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Publication numberUS4351727 A
Publication typeGrant
Application numberUS 06/246,478
Publication dateSep 28, 1982
Filing dateMar 23, 1981
Priority dateMar 23, 1981
Fee statusLapsed
Publication number06246478, 246478, US 4351727 A, US 4351727A, US-A-4351727, US4351727 A, US4351727A
InventorsFredric D. Brogger
Original AssigneeBrogger Fredric D
Export CitationBiBTeX, EndNote, RefMan
External Links: USPTO, USPTO Assignment, Espacenet
Device for removing foreign particles from a source of fluid
US 4351727 A
A device for removing foreign particles from a source of fluid under pressure which is adaptable to be connected to a faucet or the like. It comprises one or more screens which are provided to collect the foreign particles which might include small stones, calcium deposits and the like, such that the particles cannot pass through the mesh of the screen. Such screens are mounted on a rotatable member having an exteriorly accessible handle whereby the rotatable member and screens thereon can be rotated at least ninety degrees and preferably one hundred eightly degrees so that the force of the fluid under pressure cleans off the screen and enables it to be used again to collect or intercept other additional foreign particles.
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I claim:
1. A device for removing foreign particles from a source of fluid comprising in combination,
a cylindrical body formed with a through opening providing an inlet having fastening means for attachment of said body to a faucet and an outlet,
filter means including a member rotatably positioned within an internal arcuate recess of said body between said inlet and outlet for rotation about an axis at substantially right angles to the axis of said through opening,
said rotatable member comprising two spaced arcuate bearing surfaces, a wall aligned with said axis of rotation and formed with an aperture providing a pair of oppositely-facing annular ledges,
said body having two bearing surfaces formed complementally of the bearing surfaces of said rotatable member,
means operable between said rotatable member and said body for retaining the rotatable member in said body,
a substantially flat, co-planar filter screen for each of said ledges and respectively secured thereto in close proximity to said axis of rotation, each of said screens being of predetermined mesh to prevent passage therethrough of foreign particles, and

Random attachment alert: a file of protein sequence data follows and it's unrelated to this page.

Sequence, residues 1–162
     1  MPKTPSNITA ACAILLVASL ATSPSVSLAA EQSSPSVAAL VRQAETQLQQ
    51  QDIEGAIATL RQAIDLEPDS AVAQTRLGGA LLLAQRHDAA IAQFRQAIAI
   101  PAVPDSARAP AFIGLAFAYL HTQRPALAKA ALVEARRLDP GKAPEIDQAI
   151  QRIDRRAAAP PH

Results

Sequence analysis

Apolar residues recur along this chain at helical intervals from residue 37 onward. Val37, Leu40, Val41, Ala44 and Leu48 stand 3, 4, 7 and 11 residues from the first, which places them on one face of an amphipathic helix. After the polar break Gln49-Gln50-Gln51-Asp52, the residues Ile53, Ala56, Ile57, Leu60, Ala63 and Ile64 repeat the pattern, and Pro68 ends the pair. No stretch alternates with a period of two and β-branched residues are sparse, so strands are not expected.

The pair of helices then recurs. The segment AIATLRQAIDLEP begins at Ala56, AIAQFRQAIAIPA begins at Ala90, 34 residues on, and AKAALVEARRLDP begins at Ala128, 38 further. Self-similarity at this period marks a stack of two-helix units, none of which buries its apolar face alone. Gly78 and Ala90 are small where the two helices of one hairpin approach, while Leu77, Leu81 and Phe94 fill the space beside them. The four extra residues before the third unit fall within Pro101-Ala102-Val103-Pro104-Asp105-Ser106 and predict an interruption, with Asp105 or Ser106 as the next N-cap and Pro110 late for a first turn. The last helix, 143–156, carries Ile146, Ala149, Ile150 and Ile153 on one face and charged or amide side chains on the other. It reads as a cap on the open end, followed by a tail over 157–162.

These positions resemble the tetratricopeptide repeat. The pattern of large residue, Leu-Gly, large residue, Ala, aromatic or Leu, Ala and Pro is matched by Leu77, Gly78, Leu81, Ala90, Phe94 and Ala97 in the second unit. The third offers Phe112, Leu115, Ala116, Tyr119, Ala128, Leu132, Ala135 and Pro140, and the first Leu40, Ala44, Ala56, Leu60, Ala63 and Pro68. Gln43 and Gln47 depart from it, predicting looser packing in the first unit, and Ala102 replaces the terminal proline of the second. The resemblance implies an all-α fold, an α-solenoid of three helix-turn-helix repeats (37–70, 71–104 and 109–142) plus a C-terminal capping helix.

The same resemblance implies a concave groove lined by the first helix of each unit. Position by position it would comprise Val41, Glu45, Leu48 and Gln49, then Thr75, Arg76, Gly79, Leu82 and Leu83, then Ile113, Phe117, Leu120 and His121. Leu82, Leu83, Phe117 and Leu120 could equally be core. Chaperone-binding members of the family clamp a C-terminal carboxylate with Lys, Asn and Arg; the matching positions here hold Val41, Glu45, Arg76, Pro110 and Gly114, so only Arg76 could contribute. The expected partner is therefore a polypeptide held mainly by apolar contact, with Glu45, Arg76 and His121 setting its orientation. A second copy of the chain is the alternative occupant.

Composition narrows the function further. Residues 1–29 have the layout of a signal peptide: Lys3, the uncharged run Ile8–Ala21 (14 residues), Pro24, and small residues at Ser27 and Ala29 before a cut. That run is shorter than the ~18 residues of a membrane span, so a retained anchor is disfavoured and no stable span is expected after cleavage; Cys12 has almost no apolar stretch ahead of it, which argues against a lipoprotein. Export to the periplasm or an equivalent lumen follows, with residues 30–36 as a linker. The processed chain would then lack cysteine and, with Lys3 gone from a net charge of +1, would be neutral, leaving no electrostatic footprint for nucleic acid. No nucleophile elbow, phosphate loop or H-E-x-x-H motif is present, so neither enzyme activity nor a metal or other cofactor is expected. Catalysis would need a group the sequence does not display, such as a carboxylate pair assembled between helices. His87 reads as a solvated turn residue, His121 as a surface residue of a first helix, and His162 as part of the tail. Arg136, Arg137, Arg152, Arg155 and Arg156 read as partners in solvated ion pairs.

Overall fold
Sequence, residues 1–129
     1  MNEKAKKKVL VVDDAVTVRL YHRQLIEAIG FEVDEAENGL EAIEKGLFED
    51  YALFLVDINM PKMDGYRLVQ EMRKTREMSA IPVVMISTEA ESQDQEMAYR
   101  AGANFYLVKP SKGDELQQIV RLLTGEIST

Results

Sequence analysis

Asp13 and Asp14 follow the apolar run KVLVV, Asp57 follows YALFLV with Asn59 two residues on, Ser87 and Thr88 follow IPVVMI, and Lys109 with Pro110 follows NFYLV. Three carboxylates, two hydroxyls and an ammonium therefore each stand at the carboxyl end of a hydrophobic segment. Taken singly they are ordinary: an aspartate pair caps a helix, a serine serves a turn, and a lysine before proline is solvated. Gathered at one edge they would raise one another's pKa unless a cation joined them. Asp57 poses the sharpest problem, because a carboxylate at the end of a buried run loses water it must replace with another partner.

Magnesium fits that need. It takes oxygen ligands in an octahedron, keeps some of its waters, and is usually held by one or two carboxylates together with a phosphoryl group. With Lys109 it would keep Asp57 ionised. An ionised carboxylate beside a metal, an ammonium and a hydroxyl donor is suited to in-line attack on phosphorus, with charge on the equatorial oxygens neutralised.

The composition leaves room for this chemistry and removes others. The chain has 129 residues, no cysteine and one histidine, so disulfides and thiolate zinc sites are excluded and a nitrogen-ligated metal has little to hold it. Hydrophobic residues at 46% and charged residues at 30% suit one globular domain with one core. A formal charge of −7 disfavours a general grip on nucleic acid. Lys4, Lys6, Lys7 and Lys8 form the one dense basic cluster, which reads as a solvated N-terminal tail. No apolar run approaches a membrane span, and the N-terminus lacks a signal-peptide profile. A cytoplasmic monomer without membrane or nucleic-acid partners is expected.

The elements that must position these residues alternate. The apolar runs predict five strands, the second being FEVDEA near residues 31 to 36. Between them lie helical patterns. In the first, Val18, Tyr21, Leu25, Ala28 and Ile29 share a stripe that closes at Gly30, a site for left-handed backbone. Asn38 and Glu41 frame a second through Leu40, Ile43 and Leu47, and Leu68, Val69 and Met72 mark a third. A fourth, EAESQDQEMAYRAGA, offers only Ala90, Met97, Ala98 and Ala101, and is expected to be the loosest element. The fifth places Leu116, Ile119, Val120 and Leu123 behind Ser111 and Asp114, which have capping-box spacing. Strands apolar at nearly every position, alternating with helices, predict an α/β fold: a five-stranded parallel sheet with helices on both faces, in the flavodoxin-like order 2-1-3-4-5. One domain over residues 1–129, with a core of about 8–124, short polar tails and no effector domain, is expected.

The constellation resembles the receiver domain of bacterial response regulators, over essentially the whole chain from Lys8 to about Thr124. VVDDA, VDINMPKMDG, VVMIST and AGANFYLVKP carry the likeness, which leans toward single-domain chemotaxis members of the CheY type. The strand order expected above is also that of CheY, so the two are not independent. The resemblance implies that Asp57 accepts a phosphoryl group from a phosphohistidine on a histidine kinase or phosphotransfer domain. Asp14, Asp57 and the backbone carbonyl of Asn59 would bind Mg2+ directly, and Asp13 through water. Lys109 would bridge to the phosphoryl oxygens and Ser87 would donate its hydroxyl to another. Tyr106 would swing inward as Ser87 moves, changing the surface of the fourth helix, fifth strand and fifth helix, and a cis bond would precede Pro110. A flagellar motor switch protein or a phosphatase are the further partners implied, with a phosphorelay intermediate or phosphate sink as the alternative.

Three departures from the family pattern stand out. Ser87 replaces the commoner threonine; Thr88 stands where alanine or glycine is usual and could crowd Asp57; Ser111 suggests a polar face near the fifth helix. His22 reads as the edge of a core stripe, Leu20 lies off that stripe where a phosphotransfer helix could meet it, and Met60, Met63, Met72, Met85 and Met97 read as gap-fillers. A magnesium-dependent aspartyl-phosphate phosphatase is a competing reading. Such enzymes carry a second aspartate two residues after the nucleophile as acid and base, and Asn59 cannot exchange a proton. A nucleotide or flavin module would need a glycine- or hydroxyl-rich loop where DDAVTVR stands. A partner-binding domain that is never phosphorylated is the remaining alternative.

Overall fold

operating means for said filter means secured to said member and extending externally from said body to enable said filter means to be manually rotated 180 degrees about its axis and said filter screens to be rotated therewith substantially at said axis of rotation.
2. A device for removing foreign particles from a source of fluid according to claim 11 wherein each of said filter screens is bonded to its respective ledge about its marginal edge.
3. A device for removing foreign particles from a source of fluid according to claim 2 wherein said filter screens are substantially equidistant from and in close proximity to said axis of rotation when secured to said ledges.

The present invention relates generally to devices for removing foreign particles from a source of fluid, but more particularly to such devices which employ screens for intercepting such particles which may include small stones, calcium deposits or the like.

It is not uncommon today for ordinary household water faucets to be provided with fittings which carry a small screen through which the water is directed. The screen is selected to have a predetermined wire mesh size so as to collect particles which are present in virtually all household water sources. Frequently, there are several such screens positioned in the path or flow of the water to collect such particles and to prevent them from being carried into a drinking glass or the like.

Such prior devices or fittings require periodic cleaning. Firstly, they must be removed from the faucet and the foreign particles brushed or washed away from the screen and thereafter the fitting carrying the screen replaced on the end of the faucet. This is necessary because the foreign particles clog the screen and restrict the flow of water or other fluid therethrough. After such cleaning, the flow of fluid is substantially unimpeded until a further accumulation of foreign particles results.

Such prior devices have required someone to remove them and clean them as indicated above. This has been a nuisance and has resulted in many faucets remaining particlly clogged to the flow of fluid therethrough.